Compass Lexecon’s Airline Clients Prevail in Multibillion Dollar World Trade Center Litigation

Compass Lexecon’s President, Professor Daniel R. Fischel Testifies Successfully at Trial

Following the 9/11 Terrorist Attacks on the World Trade Center, leaseholder Larry Silverstein and associated business entities (“Silverstein”) filed suit against various airline defendants including American Airlines, United Airlines, and Boeing seeking tort damages for losses sustained as a result of destruction of the buildings. Subsequent litigation had established that the maximum tort damages recoverable were approximately $3.5 billion. The issue in the current case was whether Silverstein could proceed with his tort damage claim, even though he had already recovered approximately $5 billion in business interruption and replacement cost insurance proceeds.

The airline defendants, represented by lead counsel Roger Podesta of Debevoise & Plimpton LLP, argued that the $5 billion in insurance payments already received “corresponded” to the $3.5 billion of potential tort damages because they were both for the same economic loss and, therefore, Silverstein was entitled to no further compensation. Silverstein, by contrast, claimed that there was no correspondence because of his obligation to rebuild the destroyed buildings and, therefore, he should be allowed to proceed to trial to recover tort damages of billions of dollars against the airlines, in addition to the $5 billion in insurance recoveries. After a July 2013 bench trial, Judge Alvin K. Hellerstein of the United States District Court, Southern District of New York ruled in favor of the airline defendants and held that the $5 billion in insurance recoveries corresponded to and “completely offset” potential tort damages against the airline defendants and, therefore, Silverstein was entitled to no further compensation.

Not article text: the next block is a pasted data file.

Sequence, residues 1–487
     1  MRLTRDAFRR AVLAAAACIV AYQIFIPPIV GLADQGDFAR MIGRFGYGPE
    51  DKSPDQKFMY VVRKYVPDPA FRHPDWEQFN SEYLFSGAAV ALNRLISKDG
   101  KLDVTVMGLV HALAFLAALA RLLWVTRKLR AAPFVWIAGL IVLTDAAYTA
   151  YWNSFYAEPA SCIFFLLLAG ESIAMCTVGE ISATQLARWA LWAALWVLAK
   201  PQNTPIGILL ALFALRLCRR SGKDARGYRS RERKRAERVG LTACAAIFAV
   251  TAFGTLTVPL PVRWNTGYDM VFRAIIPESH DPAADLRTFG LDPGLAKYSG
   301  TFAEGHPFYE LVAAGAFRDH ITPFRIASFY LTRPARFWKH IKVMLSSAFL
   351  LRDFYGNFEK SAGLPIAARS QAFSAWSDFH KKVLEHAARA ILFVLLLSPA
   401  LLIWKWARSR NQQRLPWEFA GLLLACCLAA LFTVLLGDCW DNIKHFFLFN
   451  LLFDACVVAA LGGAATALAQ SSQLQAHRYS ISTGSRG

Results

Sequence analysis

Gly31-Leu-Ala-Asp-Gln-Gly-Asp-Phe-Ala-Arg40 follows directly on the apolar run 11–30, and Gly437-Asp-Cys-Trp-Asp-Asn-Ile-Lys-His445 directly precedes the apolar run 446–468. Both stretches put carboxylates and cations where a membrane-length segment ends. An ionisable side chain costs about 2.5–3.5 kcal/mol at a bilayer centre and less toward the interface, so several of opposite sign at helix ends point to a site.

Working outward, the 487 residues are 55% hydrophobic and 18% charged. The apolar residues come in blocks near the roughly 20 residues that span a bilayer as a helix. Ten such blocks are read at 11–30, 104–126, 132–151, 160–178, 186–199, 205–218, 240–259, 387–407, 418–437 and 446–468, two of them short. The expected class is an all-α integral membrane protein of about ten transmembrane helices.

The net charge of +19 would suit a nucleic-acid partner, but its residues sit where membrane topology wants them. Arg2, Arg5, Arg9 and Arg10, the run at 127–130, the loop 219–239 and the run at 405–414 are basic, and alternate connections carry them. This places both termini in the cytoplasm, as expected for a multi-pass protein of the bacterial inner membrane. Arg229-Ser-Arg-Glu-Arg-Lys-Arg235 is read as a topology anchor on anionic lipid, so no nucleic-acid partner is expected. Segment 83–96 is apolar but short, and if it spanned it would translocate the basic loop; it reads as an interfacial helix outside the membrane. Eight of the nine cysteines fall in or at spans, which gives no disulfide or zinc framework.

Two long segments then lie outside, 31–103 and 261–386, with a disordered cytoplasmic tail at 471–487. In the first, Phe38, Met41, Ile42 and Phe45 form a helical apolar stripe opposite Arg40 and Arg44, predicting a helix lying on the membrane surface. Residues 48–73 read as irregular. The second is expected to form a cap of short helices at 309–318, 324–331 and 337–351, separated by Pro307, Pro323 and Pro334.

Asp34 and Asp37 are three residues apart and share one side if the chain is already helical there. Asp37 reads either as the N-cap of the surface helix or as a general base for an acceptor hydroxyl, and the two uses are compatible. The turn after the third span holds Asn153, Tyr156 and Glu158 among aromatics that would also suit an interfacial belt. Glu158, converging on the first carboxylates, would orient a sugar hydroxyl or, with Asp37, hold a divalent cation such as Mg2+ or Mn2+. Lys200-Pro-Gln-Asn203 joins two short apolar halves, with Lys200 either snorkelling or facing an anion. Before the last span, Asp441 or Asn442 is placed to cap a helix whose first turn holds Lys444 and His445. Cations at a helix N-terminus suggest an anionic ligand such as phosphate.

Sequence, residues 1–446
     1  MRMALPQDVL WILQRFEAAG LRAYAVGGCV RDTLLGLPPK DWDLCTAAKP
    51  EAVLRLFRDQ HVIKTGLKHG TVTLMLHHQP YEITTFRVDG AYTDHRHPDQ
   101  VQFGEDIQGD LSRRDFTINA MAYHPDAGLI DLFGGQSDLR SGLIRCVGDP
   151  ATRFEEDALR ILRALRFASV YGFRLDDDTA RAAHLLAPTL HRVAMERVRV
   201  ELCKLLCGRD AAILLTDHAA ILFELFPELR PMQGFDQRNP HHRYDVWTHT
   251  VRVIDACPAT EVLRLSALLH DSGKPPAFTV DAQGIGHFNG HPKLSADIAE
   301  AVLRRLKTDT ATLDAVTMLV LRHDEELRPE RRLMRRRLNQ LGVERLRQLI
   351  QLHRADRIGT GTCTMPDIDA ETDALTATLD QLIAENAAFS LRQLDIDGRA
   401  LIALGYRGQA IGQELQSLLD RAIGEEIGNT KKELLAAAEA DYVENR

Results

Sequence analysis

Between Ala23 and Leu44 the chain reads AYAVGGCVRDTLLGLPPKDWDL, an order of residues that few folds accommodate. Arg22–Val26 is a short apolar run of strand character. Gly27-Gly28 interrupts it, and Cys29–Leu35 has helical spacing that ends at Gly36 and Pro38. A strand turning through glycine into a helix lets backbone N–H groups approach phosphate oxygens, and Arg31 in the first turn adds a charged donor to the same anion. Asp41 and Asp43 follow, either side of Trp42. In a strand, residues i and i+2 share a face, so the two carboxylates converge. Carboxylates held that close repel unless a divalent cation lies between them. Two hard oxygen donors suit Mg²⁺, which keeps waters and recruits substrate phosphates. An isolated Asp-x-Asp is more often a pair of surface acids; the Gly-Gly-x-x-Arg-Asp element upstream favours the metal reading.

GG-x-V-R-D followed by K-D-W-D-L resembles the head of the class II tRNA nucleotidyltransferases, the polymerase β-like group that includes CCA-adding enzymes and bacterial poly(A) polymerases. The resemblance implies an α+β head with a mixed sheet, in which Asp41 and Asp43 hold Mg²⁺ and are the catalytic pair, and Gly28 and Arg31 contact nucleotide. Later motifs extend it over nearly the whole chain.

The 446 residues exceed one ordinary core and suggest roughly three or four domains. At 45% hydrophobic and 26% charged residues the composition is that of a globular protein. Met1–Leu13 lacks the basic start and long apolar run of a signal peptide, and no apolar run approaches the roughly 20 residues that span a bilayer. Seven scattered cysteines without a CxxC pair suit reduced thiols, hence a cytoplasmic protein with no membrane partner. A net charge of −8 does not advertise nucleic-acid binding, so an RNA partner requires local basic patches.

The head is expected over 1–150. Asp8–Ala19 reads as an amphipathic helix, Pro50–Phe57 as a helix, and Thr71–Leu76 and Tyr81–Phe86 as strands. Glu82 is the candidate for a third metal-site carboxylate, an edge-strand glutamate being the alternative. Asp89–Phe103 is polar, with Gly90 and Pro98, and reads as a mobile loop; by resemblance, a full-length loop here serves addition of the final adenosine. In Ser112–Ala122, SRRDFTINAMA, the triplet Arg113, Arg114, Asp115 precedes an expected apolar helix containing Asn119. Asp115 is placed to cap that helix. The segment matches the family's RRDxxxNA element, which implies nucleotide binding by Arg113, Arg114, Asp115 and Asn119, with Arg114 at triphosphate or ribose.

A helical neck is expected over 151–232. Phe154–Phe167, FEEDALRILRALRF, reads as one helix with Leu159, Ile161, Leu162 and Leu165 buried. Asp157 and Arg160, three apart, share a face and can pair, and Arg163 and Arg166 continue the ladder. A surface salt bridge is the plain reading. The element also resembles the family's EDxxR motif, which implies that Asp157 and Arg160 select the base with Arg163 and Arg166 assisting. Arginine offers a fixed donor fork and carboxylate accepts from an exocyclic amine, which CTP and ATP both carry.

Compass Lexecon’s President, Professor Daniel R. Fischel, testified for the airline defendants at trial. Among other things, Professor Fischel explained the relationship between replacement cost and diminution in market value as two different ways to measure the loss caused by damage to property. Professor Fischel further explained that a plaintiff is fully compensated if they receive insurance proceeds for business interruption and/ or replacement cost in an amount greater than the lesser of diminution in market value or replacement cost. Judge Hellerstein quoted from and relied on Professor Fischel’s testimony in his opinion, concluding that it was “more credible” than the testimony by the opposing expert.

Compass Lexecon also was heavily involved in earlier phases of the litigation. We worked closely with Brian Fraser of Richards Kibbe & Orbe LLP (who also was one of the counsel for the airline defendants at the correspondence trial) on various issues relating to the valuation of the destroyed World Trade Center buildings. During this earlier phase, Professor Fischel made numerous oral and written presentations discussing the proper valuation methodology for calculating losses caused by the terrorist attacks.

Apart from the counsel listed above, we also worked with Maura Kathleen Monaghan and Erica Weisgerber of Debevoise & Plimpton LLP, Desmond T. Barry, Jr. and Evan Kwarta of Condon & Forsyth LLP, Rowan Gaither of Richards Kibbe & Orbe LLP, Jeffrey J. Ellis of Quirk & Bakalor, P.C., and Ann Taylor and T. Patrick Byrnes of Locke Lord Bissell & Liddell LLP. The Compass Lexecon team that worked on this matter in addition to Professor Fischel included Rajiv Gokhale (who also filed several declarations), Todd Kendall, and Erika Morris of our Chicago office.